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Mol Cell Biol. Apr 1993; 13(4): 2420–2431.
PMCID: PMC359563
Plasma membrane-targeted ras GTPase-activating protein is a potent suppressor of p21ras function.
D C Huang, C J Marshall, and J F Hancock
Department of Haematology, Royal Free Hospital School of Medicine, London, United Kingdom.
Abstract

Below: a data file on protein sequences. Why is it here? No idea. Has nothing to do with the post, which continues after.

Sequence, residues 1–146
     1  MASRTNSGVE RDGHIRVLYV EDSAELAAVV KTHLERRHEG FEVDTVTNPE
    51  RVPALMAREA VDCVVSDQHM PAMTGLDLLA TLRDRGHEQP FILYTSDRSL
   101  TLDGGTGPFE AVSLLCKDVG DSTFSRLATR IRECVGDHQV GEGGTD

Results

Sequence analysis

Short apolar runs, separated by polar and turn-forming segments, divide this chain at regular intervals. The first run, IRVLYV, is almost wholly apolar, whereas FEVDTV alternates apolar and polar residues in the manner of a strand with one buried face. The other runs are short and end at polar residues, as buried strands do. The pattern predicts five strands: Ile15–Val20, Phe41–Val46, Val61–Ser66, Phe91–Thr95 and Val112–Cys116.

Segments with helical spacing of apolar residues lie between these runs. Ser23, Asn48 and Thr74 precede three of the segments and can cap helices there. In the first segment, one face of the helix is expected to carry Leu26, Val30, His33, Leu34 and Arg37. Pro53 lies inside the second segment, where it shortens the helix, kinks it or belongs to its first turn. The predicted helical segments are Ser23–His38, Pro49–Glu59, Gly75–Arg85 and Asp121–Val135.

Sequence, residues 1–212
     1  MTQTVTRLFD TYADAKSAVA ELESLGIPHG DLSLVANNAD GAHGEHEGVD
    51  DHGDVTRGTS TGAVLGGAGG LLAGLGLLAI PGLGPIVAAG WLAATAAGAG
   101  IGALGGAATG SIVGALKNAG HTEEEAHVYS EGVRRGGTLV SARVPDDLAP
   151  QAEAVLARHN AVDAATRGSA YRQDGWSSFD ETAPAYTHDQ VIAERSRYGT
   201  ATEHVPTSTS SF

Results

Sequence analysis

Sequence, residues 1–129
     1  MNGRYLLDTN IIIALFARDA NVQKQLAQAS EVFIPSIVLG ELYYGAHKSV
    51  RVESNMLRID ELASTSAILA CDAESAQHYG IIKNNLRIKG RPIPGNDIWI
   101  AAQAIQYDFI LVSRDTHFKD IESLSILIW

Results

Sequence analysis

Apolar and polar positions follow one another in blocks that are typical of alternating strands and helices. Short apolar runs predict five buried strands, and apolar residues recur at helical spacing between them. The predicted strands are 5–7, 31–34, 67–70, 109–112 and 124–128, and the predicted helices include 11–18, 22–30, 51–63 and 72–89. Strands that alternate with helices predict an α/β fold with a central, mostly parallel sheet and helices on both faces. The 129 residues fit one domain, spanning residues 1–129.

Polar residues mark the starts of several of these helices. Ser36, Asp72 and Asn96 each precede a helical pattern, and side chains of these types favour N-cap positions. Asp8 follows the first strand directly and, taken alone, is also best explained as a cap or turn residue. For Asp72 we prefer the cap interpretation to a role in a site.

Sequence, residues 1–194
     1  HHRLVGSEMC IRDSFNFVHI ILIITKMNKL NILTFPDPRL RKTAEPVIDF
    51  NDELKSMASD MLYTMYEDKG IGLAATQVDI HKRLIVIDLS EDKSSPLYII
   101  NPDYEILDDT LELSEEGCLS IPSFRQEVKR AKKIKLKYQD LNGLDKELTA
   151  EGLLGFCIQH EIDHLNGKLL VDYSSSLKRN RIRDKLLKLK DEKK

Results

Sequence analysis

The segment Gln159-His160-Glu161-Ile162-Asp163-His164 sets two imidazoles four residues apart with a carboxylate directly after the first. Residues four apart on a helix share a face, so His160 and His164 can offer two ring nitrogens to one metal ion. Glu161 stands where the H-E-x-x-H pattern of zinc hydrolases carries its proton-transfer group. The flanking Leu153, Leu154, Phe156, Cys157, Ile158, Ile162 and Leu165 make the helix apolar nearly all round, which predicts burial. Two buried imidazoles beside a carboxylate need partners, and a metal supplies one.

Although p21ras is localized to the plasma membrane, proteins it interacts with, such as the GTPase-activating proteins (GAPs) ras GAP and neurofibromin (NF1), are not, suggesting that one function of p21ras GTP may be to target such proteins to the plasma membrane. To investigate the effects of targeting ras GAP to the plasma membrane, ras C-terminal motifs sufficient for plasma membrane localization of p21ras were cloned onto the C terminus of ras GAP. Plasma membrane-targeted ras GAP is growth inhibitory to NIH 3T3 fibroblasts and COS cells. This growth inhibition correlates with GAP catalytic activity, since the plasma membrane-targeted C-terminal catalytic domain or the GAP-related domain of neurofibromin is inhibitory, whereas the similarly targeted N-terminal domain is not. Moreover, the inhibition is abrogated by the inactivating mutation L902I, which abolishes ras GAP catalytic activity. Coexpression of oncogenic mutant ras rescues cell viability, but the majority of rescued colonies are phenotypically untransformed. Furthermore, in focus assays, targeted ras GAP suppresses transformation by oncogenic mutant ras, and in reversion assays, targeted ras GAP can revert cells transformed by oncogenic mutant ras. Neither the targeted or nontargeted N-terminal domain nor the L902I mutant of ras GAP has any transforming activity. These data demonstrate that ras GAP can function as a negative regulator of ras and that plasma membrane localization potentiates this activity. However, if ras GAP is involved in the effector functions of p21ras, it can only be part of the effector complex for cell transformation.
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